To get consumers to re-evaluate the value of a mobile contract and challenge the assumption that it always saves them money, Singapore-based digital telco Circles.Life used the country’s favourite food, chicken rice, to prove its point.
The digital telco held an outdoor stunt at a stall in Maxwell Food Centre, where it pegged a contract to each plate of chicken rice, so that it would cost $15 instead of its usual price. People who queued up to buy chicken rice expressed shocked and anger when told by the store owner, an actor hired by Circles.Life, that they had to sign a contract and pay over the odds for their food.
This stunt was part of the digital telco’s launch of its +Phone Plan, no-contract combo plan, that re-frames how it markets phone plan purchases. It worked with its creative agency VML to make fast iterations, before settling on the message, the storyline, and one of the busiest hawker centers in Singapore as its shoot location.
The brand then hid cameras at the food stalls to capture the shocked reactions of chicken rice customers and chose their biggest reactions, as well as their consent, for commercial use.
Circles.Life chose this activation method because it wanted to deliver a message to customers that buying phones with contracts cost much more than buying them separately with SIM-only plans, Megan Yulga, senior marketing manager at Circles.Life explains to The Drum.
She adds that people have been trained to buy phones with contracts and they are not aware that contracts are not great and buying phones separately with a SIM-only plan is the way to go.
“We wanted to educate customers on how expensive a contract phone is and gave them something they could relate to. For example, what if people buy shoes, coffee, or chicken rice with a contract? That doesn’t make any sense, right?” says Yulga.
“The ideal reaction we would get would be "Contracts on chicken rice don't make sense!" And we’d go, "Exactly! So why would get a new phone on contract?"
Changing consumer behaviours
The digital telco is no stranger to finding provocative and creative ways to express its message. It has previously released a ‘Brick Phone’, made up of real bricks packaged in smartphone boxes to shift perceptions of mobile users experience and shedding new light on what it means to be ‘data deprived’, in addition to ads in MRT stations.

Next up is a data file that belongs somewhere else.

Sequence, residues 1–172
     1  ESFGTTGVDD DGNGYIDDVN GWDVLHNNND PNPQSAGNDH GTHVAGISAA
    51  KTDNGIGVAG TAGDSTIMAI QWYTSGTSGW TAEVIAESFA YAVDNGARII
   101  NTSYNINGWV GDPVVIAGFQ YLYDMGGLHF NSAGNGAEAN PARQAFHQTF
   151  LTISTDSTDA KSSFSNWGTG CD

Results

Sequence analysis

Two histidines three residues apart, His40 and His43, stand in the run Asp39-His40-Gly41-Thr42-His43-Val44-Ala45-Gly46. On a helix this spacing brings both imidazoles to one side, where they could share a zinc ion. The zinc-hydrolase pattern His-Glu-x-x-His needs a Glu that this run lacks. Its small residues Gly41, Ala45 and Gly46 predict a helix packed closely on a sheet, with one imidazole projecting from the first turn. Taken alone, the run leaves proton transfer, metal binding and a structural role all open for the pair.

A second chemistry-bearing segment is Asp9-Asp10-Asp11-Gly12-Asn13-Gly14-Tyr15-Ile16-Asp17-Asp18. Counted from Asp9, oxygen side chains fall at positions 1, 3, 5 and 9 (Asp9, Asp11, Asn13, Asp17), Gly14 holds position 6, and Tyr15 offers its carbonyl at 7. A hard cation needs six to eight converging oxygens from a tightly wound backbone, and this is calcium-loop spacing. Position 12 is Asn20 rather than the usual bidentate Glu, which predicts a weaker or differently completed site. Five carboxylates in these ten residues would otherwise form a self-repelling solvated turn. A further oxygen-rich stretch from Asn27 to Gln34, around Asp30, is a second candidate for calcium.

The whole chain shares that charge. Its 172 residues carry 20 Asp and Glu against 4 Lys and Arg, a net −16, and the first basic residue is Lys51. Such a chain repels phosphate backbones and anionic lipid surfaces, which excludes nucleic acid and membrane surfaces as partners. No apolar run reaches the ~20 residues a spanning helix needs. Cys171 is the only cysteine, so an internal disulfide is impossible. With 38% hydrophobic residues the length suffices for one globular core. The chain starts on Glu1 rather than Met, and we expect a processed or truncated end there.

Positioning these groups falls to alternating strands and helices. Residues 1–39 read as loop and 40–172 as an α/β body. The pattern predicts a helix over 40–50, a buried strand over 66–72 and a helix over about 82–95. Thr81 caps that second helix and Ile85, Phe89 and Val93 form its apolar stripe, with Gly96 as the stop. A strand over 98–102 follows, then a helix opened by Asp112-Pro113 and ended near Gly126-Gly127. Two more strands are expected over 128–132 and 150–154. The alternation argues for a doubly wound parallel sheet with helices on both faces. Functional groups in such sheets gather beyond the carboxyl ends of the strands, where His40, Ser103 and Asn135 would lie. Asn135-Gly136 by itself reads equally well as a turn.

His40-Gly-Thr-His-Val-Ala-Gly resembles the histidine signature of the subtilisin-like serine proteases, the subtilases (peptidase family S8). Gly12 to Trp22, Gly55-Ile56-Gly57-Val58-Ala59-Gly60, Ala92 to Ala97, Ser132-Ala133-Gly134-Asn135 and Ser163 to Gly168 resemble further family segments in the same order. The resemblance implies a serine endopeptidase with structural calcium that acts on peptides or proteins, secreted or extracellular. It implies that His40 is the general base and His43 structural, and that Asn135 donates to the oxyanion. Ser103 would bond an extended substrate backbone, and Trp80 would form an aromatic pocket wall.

It also created a fake telco company and hired local social media influencers to vandalise the fake telco’s advertisement in an MRT station, and filming it for an Instagram story. There was also a cash-dispensing vending machines stunt which became so rowdy, police had to step in.
Yulga explains that Circles.Life branding and marketing approach has always been fun, bold, and simple. She also takes a dig at the digital telco’s more traditional rivals, pointing out they have been constantly churning out emotional and long form video content that tugs on heartstrings.
“That is just not our style and we have been bucking that trend with a fresh, bold approach since our launch,” she says. “Our chicken rice prank is actually the longest video we have come up with. We live in a cluttered digital world where all sorts of messaging are constantly bombarding consumers.”
“Consumers have really short attention spans when scrolling through their social media feed. If you're going to want someone to watch a 90 second video, it better be worth it. True to our cheeky brand persona, what is a better way to capture people’s attention than with a hidden camera prank?”
Adopting this approach allowed Circles.Life to take on the challenge of changing its customers’ behaviour because signing up for a contract each time they need a new phone, has been ingrained in Singapore’s telco culture for over 10 years. It had to find a way to explain to consumers why they should do the opposite of what they have always done.
“We could have just provided the above chart and explained to them how much money they could potentially save by buying a phone without contracts along with a SIM-only plan of their choice. They would’ve understood easily, because it’s very straight forward,” says Yulga.
“Our brand is fun and clever, so just showing off a chart was not going to cut it. With only a few seconds to capture the attention of consumers, we needed to make the association of contract phones being expensive. The result was our contract chicken rice video.”
Reactions and learning lessons
Circles.Life claims the chicken rice customers loved the down to earth approach and understood the message it tried to deliver from the video. “We always talk to customers on a very personal level and steer clear of being too formal. In fact, we got great traction from this campaign!” says Yulga.
However, Yulga explains this campaign is just the beginning as Circles.Life is still learning how to simplify its messages around why no-contract phones are the cheapest and smartest way to get a new phone.
“Although we have countless customers who believe in our no-contract phone plans, this one time ad will not change the consumer behavior in Singapore fully,” she says. “We will continue to iterate this message in all our campaigns to make sure that customers understand the benefit of switching to a no-contract phone and plan.”
It may have been an unconventional approach, but messing with Singaporean’s favourite food is a sure way of getting their attention.